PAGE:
Latest posts by Sam Amico (see all)
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It’s been a little more than a year since the Cavaliers traded for Rodney Hood and George Hill, and less than four months since they traded for Alec Burks.
In historical terms, that doesn’t exactly rank with the discovery of the wheel. But when you’re talking about the Cavs’ future, those players could mean a lot.
Since the start of December, Cavs general manager Koby Altman turned Hood, Hill and Burks into two first-round picks (2019, 2021) and four second-round picks (2020, 2021, 2022, 2023), as well as Matthew Dellavedova, John Henson, Marquese Chriss and Brandon Knight.
When you factor in the picks, that’s 10 potential members of the roster … for three.
Now, second-rounders aren’t really valued by the general public. But for NBA GMs, they can be major keys to wheeling and dealing, and even packaging for another player or another first-round pick.
Teams drafting near the end of the first round generally want to trade out of the first round. Teams drafting in those slots tend to be winning teams with no desire to add a rookie — or the guaranteed salary that comes with a first-rounder.
For instance, there is no way the Boston Celtics will keep all of their first-round picks (potentially up to three and no less than two) in 2019. They may not even keep one if it means landing New Orleans Pelicans star Anthony Davis.
But rebuilding franchises such as the Cavs will want bodies for summer league in July and training camp in late September. And theoretically, the higher you draft, the better the prospect.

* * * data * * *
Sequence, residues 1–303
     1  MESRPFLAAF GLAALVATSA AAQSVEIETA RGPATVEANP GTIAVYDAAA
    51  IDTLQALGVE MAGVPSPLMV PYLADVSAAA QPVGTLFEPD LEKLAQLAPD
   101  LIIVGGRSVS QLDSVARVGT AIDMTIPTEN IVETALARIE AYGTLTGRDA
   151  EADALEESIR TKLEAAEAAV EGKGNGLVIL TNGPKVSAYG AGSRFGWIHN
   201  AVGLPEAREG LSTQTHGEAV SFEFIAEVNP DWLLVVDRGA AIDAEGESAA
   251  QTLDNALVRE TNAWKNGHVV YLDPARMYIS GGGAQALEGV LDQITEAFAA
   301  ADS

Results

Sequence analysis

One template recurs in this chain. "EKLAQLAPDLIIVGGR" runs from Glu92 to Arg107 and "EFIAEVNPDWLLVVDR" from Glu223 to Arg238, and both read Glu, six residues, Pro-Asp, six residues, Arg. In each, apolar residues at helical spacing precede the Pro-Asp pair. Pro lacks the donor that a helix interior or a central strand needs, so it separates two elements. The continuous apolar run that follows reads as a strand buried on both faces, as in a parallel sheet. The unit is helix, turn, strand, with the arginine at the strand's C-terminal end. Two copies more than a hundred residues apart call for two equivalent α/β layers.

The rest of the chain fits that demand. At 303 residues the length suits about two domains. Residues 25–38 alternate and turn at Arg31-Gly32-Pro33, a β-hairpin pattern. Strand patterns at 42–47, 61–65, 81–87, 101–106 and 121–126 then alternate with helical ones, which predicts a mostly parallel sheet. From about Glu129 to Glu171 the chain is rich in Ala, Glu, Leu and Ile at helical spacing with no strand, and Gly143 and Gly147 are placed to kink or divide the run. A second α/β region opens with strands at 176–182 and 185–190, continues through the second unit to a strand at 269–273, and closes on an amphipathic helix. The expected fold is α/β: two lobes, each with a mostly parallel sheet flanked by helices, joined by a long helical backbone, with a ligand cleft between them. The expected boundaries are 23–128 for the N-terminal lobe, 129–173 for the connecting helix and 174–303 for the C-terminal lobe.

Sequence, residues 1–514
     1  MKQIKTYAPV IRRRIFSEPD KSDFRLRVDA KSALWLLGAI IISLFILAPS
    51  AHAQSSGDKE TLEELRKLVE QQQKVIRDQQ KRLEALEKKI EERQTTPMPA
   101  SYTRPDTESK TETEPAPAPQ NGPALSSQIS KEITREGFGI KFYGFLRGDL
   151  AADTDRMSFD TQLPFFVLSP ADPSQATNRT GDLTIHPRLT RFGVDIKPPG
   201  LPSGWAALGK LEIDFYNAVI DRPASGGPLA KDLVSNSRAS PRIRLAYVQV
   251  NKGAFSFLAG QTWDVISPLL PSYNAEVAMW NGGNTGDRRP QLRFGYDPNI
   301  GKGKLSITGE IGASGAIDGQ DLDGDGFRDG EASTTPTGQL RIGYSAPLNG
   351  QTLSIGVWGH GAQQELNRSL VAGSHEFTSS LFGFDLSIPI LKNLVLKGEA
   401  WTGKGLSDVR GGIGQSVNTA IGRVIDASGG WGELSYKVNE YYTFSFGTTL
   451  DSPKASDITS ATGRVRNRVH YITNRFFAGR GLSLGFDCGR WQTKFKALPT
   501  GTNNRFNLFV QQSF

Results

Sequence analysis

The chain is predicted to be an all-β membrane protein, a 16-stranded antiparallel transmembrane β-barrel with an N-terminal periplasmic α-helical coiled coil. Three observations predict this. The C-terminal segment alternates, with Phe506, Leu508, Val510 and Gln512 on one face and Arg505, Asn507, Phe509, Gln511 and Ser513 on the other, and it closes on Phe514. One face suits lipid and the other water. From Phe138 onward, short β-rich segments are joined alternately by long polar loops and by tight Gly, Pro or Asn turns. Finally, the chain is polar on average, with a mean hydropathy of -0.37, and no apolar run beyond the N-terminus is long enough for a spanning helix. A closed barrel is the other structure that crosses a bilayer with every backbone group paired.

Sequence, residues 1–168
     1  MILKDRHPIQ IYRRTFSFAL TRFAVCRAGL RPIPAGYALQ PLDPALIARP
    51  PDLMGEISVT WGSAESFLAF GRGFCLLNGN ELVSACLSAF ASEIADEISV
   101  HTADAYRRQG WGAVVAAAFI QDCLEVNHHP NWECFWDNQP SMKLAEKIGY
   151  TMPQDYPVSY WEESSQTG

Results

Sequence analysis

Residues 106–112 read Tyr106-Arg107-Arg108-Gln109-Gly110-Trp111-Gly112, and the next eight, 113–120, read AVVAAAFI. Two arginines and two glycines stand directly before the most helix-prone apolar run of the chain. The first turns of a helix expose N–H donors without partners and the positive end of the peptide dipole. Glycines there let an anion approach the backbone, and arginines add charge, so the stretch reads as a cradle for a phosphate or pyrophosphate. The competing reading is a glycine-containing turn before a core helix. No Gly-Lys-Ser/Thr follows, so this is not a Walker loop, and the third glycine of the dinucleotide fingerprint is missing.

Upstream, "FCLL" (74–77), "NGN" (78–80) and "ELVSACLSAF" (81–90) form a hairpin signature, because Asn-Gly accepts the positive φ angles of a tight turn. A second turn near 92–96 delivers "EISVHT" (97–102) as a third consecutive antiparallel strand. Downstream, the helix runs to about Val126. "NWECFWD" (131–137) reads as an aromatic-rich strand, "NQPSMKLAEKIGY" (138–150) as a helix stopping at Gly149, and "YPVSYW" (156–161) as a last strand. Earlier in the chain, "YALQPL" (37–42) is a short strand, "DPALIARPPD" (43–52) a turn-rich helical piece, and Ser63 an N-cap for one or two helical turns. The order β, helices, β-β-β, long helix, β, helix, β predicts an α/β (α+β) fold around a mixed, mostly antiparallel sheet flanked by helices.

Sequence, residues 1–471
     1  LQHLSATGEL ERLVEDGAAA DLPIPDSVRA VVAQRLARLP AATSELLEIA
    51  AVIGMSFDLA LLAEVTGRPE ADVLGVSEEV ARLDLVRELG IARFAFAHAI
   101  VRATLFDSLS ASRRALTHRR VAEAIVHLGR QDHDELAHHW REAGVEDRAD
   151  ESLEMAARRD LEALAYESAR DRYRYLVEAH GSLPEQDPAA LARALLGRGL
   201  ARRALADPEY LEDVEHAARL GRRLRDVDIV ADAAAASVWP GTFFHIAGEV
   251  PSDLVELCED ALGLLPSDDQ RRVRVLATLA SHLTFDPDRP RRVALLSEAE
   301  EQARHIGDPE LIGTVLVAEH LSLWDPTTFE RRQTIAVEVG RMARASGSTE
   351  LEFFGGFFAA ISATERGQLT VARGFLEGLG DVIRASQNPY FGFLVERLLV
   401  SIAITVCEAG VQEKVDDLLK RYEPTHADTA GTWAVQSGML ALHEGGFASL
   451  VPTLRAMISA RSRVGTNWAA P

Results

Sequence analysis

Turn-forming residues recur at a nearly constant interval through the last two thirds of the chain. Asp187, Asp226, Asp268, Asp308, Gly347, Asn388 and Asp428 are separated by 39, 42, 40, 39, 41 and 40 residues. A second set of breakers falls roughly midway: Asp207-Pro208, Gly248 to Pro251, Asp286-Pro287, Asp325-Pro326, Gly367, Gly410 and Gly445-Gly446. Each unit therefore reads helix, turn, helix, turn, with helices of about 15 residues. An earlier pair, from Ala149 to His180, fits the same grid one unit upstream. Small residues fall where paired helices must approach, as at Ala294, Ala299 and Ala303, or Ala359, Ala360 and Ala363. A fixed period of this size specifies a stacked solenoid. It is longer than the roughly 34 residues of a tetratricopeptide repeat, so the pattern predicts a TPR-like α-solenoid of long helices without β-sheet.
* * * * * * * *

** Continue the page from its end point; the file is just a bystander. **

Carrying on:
So Altman would be more than happy to take another late first-rounder off someone’s hands. All it sometimes takes is a couple of second-rounders. Since the start of the season, Altman has acquired six.
Could he turn them into two more first-rounders by the 2019 draft — to give the Cavs a total of four?
One Western Conference GM said “without a doubt,” it could happen.
HOPES AND DREAMS
The San Antonio Spurs have two firsts (the Toronto Raptors’ and their own). And even if the Celtics don’t land Davis, they will be shopping their picks.
Also, the Philadelphia 76ers, Indiana Pacers, Portland Trail Blazers and Utah Jazz are making it known they prefer to spend the offseason looking to improve via free agency and trades. None will have a desire to add an unproven 19-year old, give him a guaranteed deal, and pay him to watch the veterans bust their behinds in “win-now” mode.
These are the types of teams with which Altman will be speaking on the days leading up to the draft.
Oh, it should also be noted the Cavs (12-46) will have a shot at the No. 1 overall pick. They really can dare to dream of going into next season with Zion Williamson or R.J. Barrett, and whoever they pick at, say, No. 20 … and No. 23 … and No. 29.
Put four first-round prospects next to Collin Sexton, Cedi Osman, Chriss, Henson, etc., and next season’s Cavs could be young, athletic, energetic, exciting. They could quickly rediscover their buzz and be entirely embraced by the fans once again.
Of course, all of that is hypothetical for now.
But those hypotheticals could turn into actual possibilities and genuine hope, and all of it arrives courtesy of their general manager.